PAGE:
10 Common SharePoint Project Mistakes

Over the years we have seen many failed, stalled and half completed SharePoint projects. They are often Intranets or communications portals that have taken too long, gone over budget or tried to deliver too much.

Here’s our list of things to avoid if you want a fighting chance of delivering a quality outcome:

  1. The wrong person owning the project. Or even worse, having no one own the project. A SharePoint intranet must have ownership and be led by someone who is ultimately responsible. That’s not to say they will have all the answers, or be an expert project manager, but they must have the vision and seniority to get advice and make decisions when required.
  2. Lacking an objective. What problems are solved by delivering this SharePoint project? Better communications, document storage, security, sharing and collaboration? Be clear on the objectives and outcomes to help structure delivery.
  3. Incorrect estimations. Unless you have run through the process of delivering SharePoint projects in the past, it’s unlikely that estimations of resources, time and budget will be accurate.
  4. Increasing the scope beyond what is achievable in the timescale set. This happens too easily and too often. The requirements and scope have been agreed, then a small addition is added, then another and another. Before long the project is off course by a large margin.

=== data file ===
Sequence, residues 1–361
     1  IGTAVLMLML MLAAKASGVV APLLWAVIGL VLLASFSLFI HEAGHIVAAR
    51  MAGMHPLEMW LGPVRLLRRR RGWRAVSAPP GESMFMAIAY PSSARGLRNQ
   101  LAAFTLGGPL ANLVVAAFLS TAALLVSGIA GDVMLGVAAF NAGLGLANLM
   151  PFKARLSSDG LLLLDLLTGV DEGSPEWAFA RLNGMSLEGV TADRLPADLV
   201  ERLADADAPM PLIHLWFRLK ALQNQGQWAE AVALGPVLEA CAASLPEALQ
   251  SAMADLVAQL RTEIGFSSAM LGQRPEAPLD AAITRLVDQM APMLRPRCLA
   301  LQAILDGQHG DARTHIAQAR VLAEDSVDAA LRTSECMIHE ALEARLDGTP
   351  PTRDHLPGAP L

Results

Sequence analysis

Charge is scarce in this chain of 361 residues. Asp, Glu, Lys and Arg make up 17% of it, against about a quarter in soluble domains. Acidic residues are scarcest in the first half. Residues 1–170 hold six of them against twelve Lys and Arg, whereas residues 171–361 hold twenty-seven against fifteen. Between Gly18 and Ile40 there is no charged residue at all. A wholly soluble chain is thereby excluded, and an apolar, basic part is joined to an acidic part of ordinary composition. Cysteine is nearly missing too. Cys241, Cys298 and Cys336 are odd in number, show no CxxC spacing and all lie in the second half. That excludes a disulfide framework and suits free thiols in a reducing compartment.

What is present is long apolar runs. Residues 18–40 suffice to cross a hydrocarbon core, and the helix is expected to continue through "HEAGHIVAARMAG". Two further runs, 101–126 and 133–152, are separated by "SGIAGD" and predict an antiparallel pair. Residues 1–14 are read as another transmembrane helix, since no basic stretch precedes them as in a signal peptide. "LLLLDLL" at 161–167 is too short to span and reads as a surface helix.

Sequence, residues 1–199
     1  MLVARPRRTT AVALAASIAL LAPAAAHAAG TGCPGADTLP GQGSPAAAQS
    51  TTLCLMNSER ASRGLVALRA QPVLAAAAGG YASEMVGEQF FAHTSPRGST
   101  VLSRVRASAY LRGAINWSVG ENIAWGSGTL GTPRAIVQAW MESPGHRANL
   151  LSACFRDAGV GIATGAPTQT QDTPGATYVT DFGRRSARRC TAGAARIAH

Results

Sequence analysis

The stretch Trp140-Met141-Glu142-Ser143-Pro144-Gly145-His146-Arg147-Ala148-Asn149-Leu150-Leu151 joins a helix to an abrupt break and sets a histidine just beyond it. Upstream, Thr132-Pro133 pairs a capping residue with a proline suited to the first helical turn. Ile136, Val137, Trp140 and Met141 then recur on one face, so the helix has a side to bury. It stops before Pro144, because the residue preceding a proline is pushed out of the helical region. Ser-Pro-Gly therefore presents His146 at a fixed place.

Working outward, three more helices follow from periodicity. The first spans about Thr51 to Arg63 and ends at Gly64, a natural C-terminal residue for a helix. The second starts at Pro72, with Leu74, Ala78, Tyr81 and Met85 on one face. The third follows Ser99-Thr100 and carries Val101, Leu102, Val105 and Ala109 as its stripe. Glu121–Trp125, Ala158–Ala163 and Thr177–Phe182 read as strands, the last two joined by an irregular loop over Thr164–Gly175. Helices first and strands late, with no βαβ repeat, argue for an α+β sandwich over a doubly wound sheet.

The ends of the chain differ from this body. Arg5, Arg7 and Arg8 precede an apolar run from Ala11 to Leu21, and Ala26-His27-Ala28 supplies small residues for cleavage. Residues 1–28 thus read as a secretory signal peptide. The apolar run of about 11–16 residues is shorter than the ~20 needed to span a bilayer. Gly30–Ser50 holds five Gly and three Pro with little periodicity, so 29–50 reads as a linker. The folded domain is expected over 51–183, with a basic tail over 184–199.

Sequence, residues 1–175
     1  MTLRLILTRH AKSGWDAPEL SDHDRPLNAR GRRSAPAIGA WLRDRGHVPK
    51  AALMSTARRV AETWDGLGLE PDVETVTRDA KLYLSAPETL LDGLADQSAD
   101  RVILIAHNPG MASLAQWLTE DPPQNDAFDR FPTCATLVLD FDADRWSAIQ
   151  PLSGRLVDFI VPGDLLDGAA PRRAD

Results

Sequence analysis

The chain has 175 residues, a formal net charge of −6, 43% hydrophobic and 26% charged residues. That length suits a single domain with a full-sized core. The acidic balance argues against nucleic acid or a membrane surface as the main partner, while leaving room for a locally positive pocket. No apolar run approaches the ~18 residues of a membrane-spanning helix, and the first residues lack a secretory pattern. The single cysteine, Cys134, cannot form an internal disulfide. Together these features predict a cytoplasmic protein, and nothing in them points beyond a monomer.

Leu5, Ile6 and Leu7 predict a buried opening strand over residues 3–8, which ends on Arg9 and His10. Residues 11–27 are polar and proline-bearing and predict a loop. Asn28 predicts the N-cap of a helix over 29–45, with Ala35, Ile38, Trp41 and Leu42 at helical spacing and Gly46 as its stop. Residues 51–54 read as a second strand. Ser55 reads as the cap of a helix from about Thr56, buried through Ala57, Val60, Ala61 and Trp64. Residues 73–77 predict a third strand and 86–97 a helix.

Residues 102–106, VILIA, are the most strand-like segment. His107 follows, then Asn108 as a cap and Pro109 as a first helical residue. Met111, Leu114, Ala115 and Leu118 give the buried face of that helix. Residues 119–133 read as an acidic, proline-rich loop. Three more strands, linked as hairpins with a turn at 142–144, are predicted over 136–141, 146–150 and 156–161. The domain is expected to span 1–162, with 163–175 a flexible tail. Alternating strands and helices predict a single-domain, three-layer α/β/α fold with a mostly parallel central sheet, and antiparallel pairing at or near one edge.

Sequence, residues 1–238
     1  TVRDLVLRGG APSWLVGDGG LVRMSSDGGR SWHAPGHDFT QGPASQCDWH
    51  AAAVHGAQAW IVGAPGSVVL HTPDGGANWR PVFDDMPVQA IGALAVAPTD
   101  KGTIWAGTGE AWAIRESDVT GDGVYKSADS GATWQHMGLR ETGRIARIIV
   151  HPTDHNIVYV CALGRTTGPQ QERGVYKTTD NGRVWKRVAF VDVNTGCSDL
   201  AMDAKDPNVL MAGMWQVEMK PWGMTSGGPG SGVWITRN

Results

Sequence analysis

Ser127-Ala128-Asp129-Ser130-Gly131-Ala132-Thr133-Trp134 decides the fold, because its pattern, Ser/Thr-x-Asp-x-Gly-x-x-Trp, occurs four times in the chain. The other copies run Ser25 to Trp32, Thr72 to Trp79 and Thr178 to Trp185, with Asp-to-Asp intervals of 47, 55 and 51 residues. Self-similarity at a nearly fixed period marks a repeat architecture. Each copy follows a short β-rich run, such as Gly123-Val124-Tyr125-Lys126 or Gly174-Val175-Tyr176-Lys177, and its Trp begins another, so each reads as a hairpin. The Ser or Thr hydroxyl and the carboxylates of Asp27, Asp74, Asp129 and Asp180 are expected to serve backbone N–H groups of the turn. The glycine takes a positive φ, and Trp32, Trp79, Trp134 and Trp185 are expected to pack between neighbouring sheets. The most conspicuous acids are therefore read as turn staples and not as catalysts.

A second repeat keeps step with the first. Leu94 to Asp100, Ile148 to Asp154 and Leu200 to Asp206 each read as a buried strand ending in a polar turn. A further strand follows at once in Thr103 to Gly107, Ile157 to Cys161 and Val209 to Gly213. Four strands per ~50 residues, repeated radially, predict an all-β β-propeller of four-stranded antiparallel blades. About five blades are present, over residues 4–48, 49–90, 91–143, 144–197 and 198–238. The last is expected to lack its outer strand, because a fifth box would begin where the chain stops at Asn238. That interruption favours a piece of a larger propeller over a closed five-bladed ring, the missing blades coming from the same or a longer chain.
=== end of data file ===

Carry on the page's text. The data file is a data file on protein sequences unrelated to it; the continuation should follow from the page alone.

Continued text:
5. Lack of communication. SharePoint projects usually signify a change in working practices. If the upcoming changes, and the reasons why change is happening, are not clearly communicated, people affected will not be engaged and unlikely to support the changes putting unnecessary risk on the project.
  6. Continuing to use file shares for data storage and retrieval after deploying SharePoint. Simply moving your files into SharePoint is not going to improve how your users find and manage their information. Defining meta data tags to structure your data will greatly improve search capabilities.
  7. Lack of end user training. We have found that even short SharePoint training sessions for end users increases employee engagement. A well-planned and on-going training programme will increase adoption and maximise its potential.
  8. Make sure you define and enforce a data governance plan. SharePoint can present a great opportunity to deploy an improved information management and compliance strategy. It provides tools to secure your data and manage the availability, usability, integrity and security of data used in the business.
  9. We often see organisations only planning for launch. Just like a website, you need to have a continual improvement plan to bring in new features, functionality and automation processes to maximise investment and continue to engage users.
  10. One of the most common and damaging mistakes is not talking to users. We’ve found that involving them at every step is critical, including planning, deployment and improvement. Gather user input at every stage to refine your SharePoint project.

If you would like to find out how OfficeLabs can help your organisation to deploy SharePoint successfully and avoid these mistakes, take a look at our FastTrack SharePoint solution, and SharePoint Consultancy services. 

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